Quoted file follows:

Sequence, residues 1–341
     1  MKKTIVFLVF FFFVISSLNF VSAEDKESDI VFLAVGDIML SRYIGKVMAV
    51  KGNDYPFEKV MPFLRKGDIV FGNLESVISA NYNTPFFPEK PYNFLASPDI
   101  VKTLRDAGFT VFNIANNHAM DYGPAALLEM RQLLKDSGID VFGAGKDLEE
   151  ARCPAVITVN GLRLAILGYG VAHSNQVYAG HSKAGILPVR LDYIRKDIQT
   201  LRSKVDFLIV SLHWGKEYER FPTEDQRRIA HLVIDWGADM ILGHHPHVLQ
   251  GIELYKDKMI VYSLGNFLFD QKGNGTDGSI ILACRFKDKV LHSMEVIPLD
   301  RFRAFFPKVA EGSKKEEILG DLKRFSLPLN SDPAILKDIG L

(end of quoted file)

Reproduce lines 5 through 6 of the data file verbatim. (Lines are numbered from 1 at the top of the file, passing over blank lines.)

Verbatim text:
   151  ARCPAVITVN GLRLAILGYG VAHSNQVYAG HSKAGILPVR LDYIRKDIQT
   201  LRSKVDFLIV SLHWGKEYER FPTEDQRRIA HLVIDWGADM ILGHHPHVLQ